US critical infrastructure providers are failing to implement adequate information security measures, according to the US Industrial Control System Cyber Emergency Response Team (ISC-CERT).
The security team, set up in 2009 under the Department of Homeland Security, received 198 security incident reports in 2011, a massive increase in from the 41 it received in 2010.
Despite the surge in incident reports, ICS-CERT's investigations uncovered just seven instances in 2011 where an organisation suffered an intrusion, which was actually down from the eight it confirmed in 2010.
The report suggests there is an increased willingness within critical infrastructure to submit a security incident report to the ICS. In its inaugural year ICS-CERT received just nine reports in its first year, and discovered two intrusions.
ICS-Cert’s report canvasses confirmed intrusions energy, nuclear, manufacturing, water and chemical plants.
The year 2010 proved to be interesting for the response team. Responding to a report at one unnamed manufacturer, the team discovered Stuxnet on “all their engineering workstations” and several machines connected to its manufacturing control systems network.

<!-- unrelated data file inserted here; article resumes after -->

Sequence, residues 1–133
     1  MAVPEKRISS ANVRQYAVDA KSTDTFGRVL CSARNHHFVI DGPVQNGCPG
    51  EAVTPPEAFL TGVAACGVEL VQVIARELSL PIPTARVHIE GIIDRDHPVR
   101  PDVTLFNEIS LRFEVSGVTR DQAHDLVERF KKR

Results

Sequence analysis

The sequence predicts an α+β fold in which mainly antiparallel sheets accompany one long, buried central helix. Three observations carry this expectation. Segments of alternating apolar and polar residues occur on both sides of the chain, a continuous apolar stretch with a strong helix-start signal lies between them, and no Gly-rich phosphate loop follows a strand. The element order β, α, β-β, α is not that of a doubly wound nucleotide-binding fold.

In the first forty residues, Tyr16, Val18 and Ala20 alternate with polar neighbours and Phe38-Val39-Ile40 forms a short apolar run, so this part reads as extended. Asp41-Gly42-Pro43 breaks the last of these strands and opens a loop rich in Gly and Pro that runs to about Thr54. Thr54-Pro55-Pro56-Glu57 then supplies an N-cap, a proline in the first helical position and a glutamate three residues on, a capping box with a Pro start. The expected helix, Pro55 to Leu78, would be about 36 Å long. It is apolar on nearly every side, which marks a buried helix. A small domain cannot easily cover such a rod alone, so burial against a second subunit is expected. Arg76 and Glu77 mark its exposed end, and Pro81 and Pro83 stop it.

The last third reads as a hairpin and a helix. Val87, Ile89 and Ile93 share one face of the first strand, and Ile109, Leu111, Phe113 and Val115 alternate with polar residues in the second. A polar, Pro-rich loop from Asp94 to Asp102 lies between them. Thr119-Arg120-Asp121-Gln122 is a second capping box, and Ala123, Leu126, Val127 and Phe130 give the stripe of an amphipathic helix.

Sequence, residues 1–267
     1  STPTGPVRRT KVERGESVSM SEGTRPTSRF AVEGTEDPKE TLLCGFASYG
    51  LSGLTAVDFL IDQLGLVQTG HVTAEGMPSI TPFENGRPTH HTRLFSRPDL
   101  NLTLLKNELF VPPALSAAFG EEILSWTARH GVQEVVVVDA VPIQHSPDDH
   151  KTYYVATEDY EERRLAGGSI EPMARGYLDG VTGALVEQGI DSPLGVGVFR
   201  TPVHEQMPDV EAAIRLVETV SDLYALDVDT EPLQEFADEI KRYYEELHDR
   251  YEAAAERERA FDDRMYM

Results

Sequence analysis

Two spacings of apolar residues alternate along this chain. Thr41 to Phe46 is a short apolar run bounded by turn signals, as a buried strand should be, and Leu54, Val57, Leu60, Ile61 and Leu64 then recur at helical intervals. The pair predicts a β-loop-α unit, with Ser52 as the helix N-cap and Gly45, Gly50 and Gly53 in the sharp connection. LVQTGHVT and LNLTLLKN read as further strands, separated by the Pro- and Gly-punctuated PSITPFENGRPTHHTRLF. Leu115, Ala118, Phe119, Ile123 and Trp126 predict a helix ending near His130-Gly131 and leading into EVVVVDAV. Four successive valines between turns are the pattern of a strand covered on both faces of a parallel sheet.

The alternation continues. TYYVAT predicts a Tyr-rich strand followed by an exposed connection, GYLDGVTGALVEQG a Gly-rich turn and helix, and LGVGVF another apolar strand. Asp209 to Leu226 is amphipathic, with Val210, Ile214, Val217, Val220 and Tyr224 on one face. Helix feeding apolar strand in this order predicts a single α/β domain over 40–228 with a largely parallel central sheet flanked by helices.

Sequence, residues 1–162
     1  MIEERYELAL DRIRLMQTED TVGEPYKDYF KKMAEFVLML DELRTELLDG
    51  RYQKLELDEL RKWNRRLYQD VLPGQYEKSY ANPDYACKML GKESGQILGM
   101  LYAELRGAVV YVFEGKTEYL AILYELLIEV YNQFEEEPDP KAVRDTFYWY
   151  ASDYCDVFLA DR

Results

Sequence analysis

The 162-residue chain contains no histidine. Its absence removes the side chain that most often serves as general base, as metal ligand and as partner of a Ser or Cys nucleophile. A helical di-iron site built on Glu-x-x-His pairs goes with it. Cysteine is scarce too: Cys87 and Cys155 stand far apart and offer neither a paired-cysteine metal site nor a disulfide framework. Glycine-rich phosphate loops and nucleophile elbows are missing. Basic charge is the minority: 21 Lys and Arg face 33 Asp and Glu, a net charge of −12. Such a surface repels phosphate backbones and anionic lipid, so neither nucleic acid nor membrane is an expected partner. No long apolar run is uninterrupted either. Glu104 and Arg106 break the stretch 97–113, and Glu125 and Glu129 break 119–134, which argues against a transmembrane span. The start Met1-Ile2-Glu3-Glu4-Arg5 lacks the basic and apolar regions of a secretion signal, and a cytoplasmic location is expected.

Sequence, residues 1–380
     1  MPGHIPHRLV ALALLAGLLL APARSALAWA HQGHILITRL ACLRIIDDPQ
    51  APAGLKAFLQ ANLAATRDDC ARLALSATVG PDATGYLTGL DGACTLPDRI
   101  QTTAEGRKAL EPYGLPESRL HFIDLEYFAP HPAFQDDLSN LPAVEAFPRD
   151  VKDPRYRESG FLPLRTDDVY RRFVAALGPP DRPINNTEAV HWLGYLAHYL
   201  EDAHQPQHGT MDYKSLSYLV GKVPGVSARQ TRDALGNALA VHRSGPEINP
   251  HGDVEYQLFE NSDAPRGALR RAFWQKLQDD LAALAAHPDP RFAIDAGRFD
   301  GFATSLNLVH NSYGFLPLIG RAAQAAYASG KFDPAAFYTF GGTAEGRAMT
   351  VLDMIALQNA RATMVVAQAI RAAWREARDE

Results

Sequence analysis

The same year ICS-CERT investigated a Mariposa botnet outbreak on a nuclear facility’s enterprise network and discovered it occurred after an employee inserted an infected USB into their laptop which they acquired from an instructor at an industry event.
The team discovered the USB had been shared by other nuclear industry personnel but when it identified the instructor and requested he provide a list of attendees, he declined the offer, saying he would contact attendees himself.
ICS-CERT said it was unable to verify if the potentially impacted companies were ever notified.
The report includes a number of cases where the compromised provider was the victim of a targeted attack.
Seven out of 17 incidents (where it confirmed an intrusion) were the result of a spear-phishing attack, while 11 cases involved “sophisticated threat actors”. However, it notes that “no intrusions were identified directly into control system networks”, whereas in “several” cases the attackers had exfiltrated data.
In 12 out of the 17 cases, ICS-CERT said login limitations and network segmentation with properly configured firewalls could have prevented or minimised the impact of the attacks.
Ten organisations could have detected the intrusion had they implemented ingress and egress IP and domain filtering.
A common problem amongst the organisations where it has investigated an incident was insufficient logging capabilities, leaving them unable to provide log data for analysis.